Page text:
Parents can attest to the fact that when a child hands them a problem, it’s instinctual to try and figure out a way to make things right in the world, even if it means coming out of semi-retirement to do so.
Such was the case in 1984 when Tom Sutliff, a salesman for a video inspection equipment company, went to his electrical engineer father with a problem.
“The availability of equipment from his vendor had become an issue, so my son came to me and said, ‘Let’s look at making this equipment.’ That’s where we started,” said Rod Sutliff. “It’s one of those on the kitchen table deals.”
From that kitchen table, combined with 32 years of electrical engineering experience from both his own businesses and other companies, Rod Sutliff founded R.S. Technical Services Inc. (RST) to manufacture closed-circuit television inspection (CCTV) equipment primarily for the sanitary and storm sewer sectors.
Little did Sutliff, RST’s CEO, know that the company would blossom to be a leader in the CCTV inspection industry and feature a product line that includes tractors, cable reels, camera trucks, data collection software and more. They even offer an explosion proof rated camera and tractor for use in Class I, Division I, Group C and D hazardous (classified) locations.
Being a hands-on kind of guy, Sutliff’s first foray into the CCTV sewer inspection world was with a contractor in Petaluma, Calif.
“I told my son, I have to see how this stuff works,” Sutliff said. “He knew a contractor working in town so they put me with the crew for nearly a week where I watched them inspect lines and saw how the equipment worked.”
A company celebrating its 30th anniversary is no small feat. There have been hurdles along the way but one of the greatest, Sutliff joked, was the ability to find its first customer.
That first job came in the form of a retrofit project converting an existing black and white camera system to a RST-designed color system for Concord, Calif. Sutliff says the company made enough money on that project to pay for some of the tooling needed to make the equipment.
From there, Sutliff converted a van to use as a demo truck and he and his son soon came to the realization that the company would not survive on cameras alone.
“Cameras are really what I got focused on when we started. Then we came to the realization that we needed to build cable reels, camera trucks and all of the other things that go with it,” Sutliff said.
In addition to the expanded product line, Sutliff also grew RST into a family business with his wife Kathleen by his side, their seven children are, or have been involved with RST’s success. That kind of familial bond to its 78 employees, as well as a focus on quality customer service and a commitment to innovation, helped RST weather the various hiccups in the economy since 1984.
Dedicated to Service
With its global reach, RST is proud of its “Made in the USA” status and its reputation for superior customer service. A commitment that started at the world headquarters in Petaluma, Calif., grew with the addition of an installation and technical support location for the eastern states in Mt. Sterling, Ky., and a network of sales reps peppered across the globe.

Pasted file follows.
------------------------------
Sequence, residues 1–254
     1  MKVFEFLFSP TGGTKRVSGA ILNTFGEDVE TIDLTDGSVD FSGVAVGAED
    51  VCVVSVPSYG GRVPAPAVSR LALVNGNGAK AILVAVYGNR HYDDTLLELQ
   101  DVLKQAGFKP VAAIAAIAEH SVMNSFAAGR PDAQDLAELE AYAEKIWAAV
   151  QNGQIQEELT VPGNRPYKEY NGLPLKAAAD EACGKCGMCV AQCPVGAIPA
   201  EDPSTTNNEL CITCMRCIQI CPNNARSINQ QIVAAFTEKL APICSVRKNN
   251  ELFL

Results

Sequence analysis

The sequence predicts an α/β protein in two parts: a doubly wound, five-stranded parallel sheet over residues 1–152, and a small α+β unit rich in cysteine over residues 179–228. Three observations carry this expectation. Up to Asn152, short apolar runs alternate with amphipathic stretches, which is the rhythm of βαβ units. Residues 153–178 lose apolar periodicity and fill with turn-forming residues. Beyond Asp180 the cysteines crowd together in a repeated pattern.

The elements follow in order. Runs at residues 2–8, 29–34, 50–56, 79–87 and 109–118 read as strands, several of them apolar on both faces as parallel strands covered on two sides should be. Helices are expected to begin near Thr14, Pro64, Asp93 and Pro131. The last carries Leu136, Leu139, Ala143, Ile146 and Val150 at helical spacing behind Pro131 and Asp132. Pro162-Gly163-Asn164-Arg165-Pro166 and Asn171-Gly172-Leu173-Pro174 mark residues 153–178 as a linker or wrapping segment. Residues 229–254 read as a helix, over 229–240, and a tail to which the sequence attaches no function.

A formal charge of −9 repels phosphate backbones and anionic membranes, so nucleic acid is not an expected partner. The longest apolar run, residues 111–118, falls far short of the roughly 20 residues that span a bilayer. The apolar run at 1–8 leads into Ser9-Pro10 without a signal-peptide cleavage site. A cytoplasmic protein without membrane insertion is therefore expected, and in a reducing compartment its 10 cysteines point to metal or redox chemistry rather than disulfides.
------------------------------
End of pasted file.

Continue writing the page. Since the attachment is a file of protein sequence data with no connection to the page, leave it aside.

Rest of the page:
Those sales reps and distributor network know the RST products and work with the customers and potential customers to ensure they are getting what the equipment needed to serve their respective business. This includes in-house training at RST or onsite at the customer’s location.
RST operation manager Juan Torres estimates that the company manufactures at least 85 percent of all the parts for its equipment in house. From raw circuit boards to a full CNC machine shop, we can create what we need to get the job done. This affords RST the ability to offer product support for equipment that is more than a decade old and one of the hallmarks of the commitment to customer service.
On the service side of the company, RST western regional sales manager Bob Grenier estimates that the technicians have more than 100 years of combined experience, which is important when issues arise and a customer’s bottom line depends on the equipment. It also helps that RST offers free loaner equipment for the life of the product. Given the environment that the inspection equipment faces on a day-to-day basis, Grenier says that things are liable to break.
“The equipment is going into an extremely tough area, if it breaks one of the commitments we have is: If you buy our system and something does happen, we’ll do our best to have a loaner for you,” Grenier said.
With the Mount Sterling and Petaluma locations, technicians are able to answer customer calls from 7 a.m. Eastern to 4:30 p.m. Pacific and can walk customers through troubleshooting their equipment. In some markets, like South America, Torres says the company has turned to video chats to troubleshoot equipment, as well.
“Our service is second to none,” Torres said. “We will work with our customer whether they are in warranty or out of warranty we’ll go out of our way to help them out on whatever happens even if they drop the camera, or run over it with a truck. We always stand behind our customers and work with them to get them running. That service alone has kept customers in the United States and other areas.”
Torres added that during a rough stretch from 2008 to 2012, many customers relied on RST’s service to maintain or update older equipment to save money. While sales were down for that time, he says service boomed.
When Sutliff first entered the CCTV market, there were two main manufacturers on the scene using out-dated but tried-and-true designs. This meant that many municipalities requested bids for camera equipment based on those older designs and start-up inspection equipment companies would try to manufacture their equipment to meet those specs.
“I saw and looked for those areas where the technology could be improved and how we could make things better. And we did that,” Sutliff said.
This desire to innovate prompted RST’s “company of firsts” mantra.
“Ninety-nine percent of the equipment at that time was black and white, tube imagers and the cameras were 22 to 24 in. long and they had external light heads that protruded around the outside edges at the front of the camera that frequently got caught up on protruding laterals. Today, we’re using the high resolution color cameras, with high intensity LED lights,” Sutliff said.